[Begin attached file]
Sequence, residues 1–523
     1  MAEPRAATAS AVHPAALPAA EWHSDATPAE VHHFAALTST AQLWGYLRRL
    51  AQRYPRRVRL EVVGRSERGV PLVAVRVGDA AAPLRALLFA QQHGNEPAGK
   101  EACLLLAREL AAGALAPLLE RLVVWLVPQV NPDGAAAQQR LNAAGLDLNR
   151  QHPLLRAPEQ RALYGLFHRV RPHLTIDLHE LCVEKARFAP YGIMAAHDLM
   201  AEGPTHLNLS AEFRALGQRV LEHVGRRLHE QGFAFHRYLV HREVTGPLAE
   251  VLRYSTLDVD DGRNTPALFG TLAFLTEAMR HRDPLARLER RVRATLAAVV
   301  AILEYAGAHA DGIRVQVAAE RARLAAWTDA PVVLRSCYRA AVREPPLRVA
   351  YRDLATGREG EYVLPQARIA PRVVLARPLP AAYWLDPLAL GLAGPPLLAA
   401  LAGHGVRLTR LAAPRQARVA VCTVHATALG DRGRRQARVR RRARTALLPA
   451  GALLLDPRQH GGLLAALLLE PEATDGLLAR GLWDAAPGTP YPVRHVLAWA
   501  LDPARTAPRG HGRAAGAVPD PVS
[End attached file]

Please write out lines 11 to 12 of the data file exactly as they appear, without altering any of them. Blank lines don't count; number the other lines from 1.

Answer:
   451  GALLLDPRQH GGLLAALLLE PEATDGLLAR GLWDAAPGTP YPVRHVLAWA
   501  LDPARTAPRG HGRAAGAVPD PVS